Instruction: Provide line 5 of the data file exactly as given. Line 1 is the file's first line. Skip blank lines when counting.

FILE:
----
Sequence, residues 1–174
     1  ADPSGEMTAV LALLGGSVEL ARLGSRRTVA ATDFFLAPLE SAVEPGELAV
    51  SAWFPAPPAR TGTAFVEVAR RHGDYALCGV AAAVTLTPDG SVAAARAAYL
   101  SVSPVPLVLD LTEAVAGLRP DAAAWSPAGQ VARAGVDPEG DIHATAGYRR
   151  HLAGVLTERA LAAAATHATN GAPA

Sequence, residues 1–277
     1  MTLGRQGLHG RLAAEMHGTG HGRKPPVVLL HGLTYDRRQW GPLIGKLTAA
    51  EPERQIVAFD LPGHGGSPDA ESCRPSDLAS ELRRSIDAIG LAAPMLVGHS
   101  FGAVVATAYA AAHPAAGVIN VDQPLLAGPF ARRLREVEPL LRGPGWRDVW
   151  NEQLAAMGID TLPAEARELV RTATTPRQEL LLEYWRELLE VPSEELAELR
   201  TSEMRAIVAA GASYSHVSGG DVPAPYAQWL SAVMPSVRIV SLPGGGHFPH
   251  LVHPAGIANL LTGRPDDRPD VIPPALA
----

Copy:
   151  HLAGVLTERA LAAAATHATN GAPA